In the end, it's about love. "If you love me, keep my commands" (Jn. 14:15). We don't follow Christianity's moral claims out of a blind sense of duty, but because we love Christ and are convinced that the Faith he entrusted to his apostles is meant to bring us, to bring all of humanity, to fullness of life. To reject Christ's teachings out of a sense of shame is to reject him; and that robs the soul of eternal life.

A quote from J.R.R. Tolkien has been making its rounds on the internet, and it summarizes my thoughts well, "I am a Christian, and indeed a Roman Catholic, so that I do not expect ‘history’ to be anything but a ‘long defeat’— though it contains...some samples or glimpses of final victory" (Letters 255). 

So what are we to do, lock ourselves away in Catholic ghettos and await our inevitable defeat? Tolkien sure didn't think so. Neither did Jesus nor the millenia of saints who have preceded us. We are not meant to be paralyzed by the shadow of the cross. Instead we are to be a people animated by the deep joy of the world to come, a world already mysteriously present within us.  How is that possible? There is only one answer:  Communion - literally "union with" Christ Jesus.

Jesus' entire life was lived in the shadow of His cross, and yet that knowledge never impeded the joy He took in doing His Father's work, ministering to the people. Even when the cross was mere hours away it did not prevent him from realizing one of his most profound desires. "I have eagerly desired to eat this Passover with you before I suffer...This is my body given for you; do this in remembrance of me...This cup is the new covenant in my blood" (Lk. 22:17-20).  He achieved union, Eucharistic Communion, with those for whom He would offer His life on the cross. 

The NT tells us that because of the joy set before Him - you and I, sharing Jesus' life with the Father, for eternity - Jesus endured the cross, disregarding its shame (Heb. 12:2).  Even in the midst of His horrific suffering upon the Cross, in His praying of Psalms 22, 31, and 69, Jesus looked ahead to the moment when, in the Eucharist, He would both celebrate his Resurrection and renew His union with the disciples. 

The Eucharist is where the Lord Jesus shares His life, stronger than death, with us. "Just as the living Father sent me and I live because of the Father, so the one who feeds on me will live because of me" (Jn. 6:57). A life of prayer, with the sacraments - especially the Eucharist - at the center, is how we can continually move forward, even in the shadow of the cross. The grace Christ give us in the sacraments imparts a peace that defies human explanation: 
[The LORD] leads me beside quiet waters, he refreshes my soul...Even though I walk through the valley of the shadow of death I will fear no evil, for you are with me...You prepare a table before me in the presence of my enemies.You anoint my head with oil...and I will dwell in the house of the Lord forever (Ps. 23:2-6).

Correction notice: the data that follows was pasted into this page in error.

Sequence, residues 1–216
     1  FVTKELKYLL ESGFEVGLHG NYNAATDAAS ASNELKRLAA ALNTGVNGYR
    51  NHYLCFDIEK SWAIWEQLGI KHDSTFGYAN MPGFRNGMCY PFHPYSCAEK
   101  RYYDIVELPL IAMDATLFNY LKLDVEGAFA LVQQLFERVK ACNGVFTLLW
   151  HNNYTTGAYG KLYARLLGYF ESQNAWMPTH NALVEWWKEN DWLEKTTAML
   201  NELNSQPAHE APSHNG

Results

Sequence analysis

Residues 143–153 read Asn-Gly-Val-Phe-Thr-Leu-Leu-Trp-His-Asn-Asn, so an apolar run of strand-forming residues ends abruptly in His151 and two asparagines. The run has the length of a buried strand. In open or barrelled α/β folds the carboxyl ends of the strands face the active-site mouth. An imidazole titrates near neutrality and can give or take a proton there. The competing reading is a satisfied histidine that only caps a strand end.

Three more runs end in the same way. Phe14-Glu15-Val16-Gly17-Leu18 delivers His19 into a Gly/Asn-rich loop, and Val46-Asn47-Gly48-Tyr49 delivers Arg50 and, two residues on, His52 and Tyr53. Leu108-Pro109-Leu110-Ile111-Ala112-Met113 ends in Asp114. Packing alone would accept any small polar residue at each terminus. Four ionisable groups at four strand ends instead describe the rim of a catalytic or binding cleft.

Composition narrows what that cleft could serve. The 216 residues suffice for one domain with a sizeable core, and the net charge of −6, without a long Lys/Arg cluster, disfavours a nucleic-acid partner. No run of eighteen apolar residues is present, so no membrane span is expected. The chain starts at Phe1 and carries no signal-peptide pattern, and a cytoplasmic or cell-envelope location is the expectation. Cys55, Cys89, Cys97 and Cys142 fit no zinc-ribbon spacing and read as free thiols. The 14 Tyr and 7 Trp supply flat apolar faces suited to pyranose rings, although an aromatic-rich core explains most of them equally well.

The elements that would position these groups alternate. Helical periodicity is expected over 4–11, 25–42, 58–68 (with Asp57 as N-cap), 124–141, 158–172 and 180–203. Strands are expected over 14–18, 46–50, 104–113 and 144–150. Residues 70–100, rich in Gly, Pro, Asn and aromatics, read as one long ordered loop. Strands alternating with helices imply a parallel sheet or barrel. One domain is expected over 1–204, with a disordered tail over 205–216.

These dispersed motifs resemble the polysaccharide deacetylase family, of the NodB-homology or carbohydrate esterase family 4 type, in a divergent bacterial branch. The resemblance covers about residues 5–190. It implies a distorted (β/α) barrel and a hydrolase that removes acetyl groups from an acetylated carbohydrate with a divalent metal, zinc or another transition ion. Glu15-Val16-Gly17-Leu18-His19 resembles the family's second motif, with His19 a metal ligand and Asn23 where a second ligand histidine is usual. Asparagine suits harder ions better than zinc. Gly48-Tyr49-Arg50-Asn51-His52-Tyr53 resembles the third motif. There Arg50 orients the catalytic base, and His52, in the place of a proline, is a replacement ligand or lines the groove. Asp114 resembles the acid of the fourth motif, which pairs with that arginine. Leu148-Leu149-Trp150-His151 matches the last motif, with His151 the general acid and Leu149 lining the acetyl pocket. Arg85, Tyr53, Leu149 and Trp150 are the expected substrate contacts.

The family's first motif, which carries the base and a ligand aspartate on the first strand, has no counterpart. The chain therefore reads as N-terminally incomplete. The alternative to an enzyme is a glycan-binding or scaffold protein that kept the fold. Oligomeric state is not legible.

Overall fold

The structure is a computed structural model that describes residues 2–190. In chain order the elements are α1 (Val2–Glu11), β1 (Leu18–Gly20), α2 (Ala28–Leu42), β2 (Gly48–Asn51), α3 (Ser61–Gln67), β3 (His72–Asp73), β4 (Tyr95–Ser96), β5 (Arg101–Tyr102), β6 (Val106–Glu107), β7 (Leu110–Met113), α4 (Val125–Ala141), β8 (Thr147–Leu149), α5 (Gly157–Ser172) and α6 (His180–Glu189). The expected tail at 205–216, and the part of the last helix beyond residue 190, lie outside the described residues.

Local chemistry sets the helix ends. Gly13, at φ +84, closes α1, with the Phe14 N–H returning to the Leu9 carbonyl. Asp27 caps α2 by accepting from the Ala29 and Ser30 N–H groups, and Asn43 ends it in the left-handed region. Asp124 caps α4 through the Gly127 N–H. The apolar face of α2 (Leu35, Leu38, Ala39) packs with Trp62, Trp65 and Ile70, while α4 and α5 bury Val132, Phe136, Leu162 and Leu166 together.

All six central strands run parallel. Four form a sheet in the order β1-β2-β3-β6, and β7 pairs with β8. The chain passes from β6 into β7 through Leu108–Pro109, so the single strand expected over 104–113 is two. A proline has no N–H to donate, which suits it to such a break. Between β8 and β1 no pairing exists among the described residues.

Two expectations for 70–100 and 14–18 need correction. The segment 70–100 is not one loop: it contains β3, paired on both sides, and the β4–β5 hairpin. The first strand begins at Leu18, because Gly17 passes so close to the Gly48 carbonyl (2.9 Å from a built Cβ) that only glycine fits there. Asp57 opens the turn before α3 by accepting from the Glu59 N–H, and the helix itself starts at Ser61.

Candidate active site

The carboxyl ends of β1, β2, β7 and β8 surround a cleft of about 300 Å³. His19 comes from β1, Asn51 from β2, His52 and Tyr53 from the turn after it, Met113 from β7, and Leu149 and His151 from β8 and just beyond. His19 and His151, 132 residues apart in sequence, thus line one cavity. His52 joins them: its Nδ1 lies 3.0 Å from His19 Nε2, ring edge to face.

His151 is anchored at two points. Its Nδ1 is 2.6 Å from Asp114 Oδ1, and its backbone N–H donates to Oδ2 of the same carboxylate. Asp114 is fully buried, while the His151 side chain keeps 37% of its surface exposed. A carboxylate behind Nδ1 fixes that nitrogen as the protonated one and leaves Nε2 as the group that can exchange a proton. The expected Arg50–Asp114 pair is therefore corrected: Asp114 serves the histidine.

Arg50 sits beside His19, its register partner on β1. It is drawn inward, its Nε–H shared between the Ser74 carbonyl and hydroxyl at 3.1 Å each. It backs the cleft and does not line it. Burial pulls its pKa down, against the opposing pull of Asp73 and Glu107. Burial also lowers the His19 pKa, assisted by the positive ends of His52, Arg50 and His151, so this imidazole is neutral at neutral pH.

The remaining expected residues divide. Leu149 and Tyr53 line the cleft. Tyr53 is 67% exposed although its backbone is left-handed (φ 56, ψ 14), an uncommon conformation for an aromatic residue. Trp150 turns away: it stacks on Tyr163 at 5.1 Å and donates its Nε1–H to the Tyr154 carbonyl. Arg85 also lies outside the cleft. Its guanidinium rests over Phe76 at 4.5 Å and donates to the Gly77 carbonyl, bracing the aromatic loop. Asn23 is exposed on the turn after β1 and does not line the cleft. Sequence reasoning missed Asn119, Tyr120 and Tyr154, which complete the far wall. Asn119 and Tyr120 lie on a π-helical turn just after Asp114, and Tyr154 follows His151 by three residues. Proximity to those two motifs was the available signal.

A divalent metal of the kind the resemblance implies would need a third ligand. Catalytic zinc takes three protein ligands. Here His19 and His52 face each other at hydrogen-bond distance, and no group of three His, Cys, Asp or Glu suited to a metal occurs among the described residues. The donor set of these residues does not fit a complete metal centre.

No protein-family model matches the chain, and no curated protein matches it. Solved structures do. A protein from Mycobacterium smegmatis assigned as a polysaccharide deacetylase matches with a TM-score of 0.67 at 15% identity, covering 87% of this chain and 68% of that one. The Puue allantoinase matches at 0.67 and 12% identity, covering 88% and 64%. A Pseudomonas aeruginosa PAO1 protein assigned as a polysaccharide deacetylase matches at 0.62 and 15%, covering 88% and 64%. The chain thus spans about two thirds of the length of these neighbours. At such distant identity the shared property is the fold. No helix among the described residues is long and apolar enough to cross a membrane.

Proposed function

Whether times are good or bad, whether enduring the cross or experience some small foretaste of the resurrection, we are called to love the Lord by obeying Him and witnessing to His Truth. C.S. Lewis provided a literary example that has always stuck with me:
In King Lear (III:VII) there is a man who is such a minor character that Shakespeare has not given him even a name: he is merely "First Servant." All the characters around him...have fine long-term plans. They think they know how the story is going to end, and they are quite wrong. The servant has no such delusions. He has no notion how the play is going to go. But he understands the present scene. He sees an abomination (the blinding of old Gloucester) taking place. He will not stand it. His sword is out and pointed at his master's breast in a moment: then Regan stabs him dead from behind. That is his whole part: eight lines all told. But if it were real life and not a play, that is the part it would be best to have acted. (The Joyful Christian, 70-71).

Blessed will we be if Christ find us faithfully doing our work when He returns. Finding ourselves on the wrong side of history is one thing, but the wrong side of eternity quite another! I do not wish that upon Christianity's worst persecutors. Let us pray, offer our Eucharists, and work as hard as we can that they too will come to know the all-surpassing love of Christ.

Sunday, June 15, 2014

Why Do We Address God as "Father," Instead of "Mother"?

Well, because that is what Jesus did, and as Christians we don't have an independent relationship with God; we participate in Jesus' relationship.

Over the years I have heard a number of people object, "But Jesus only did that because of the patriarchal nature of ancient cultures" - the underlying assumption being that Jesus' word choice was culturally conditioned.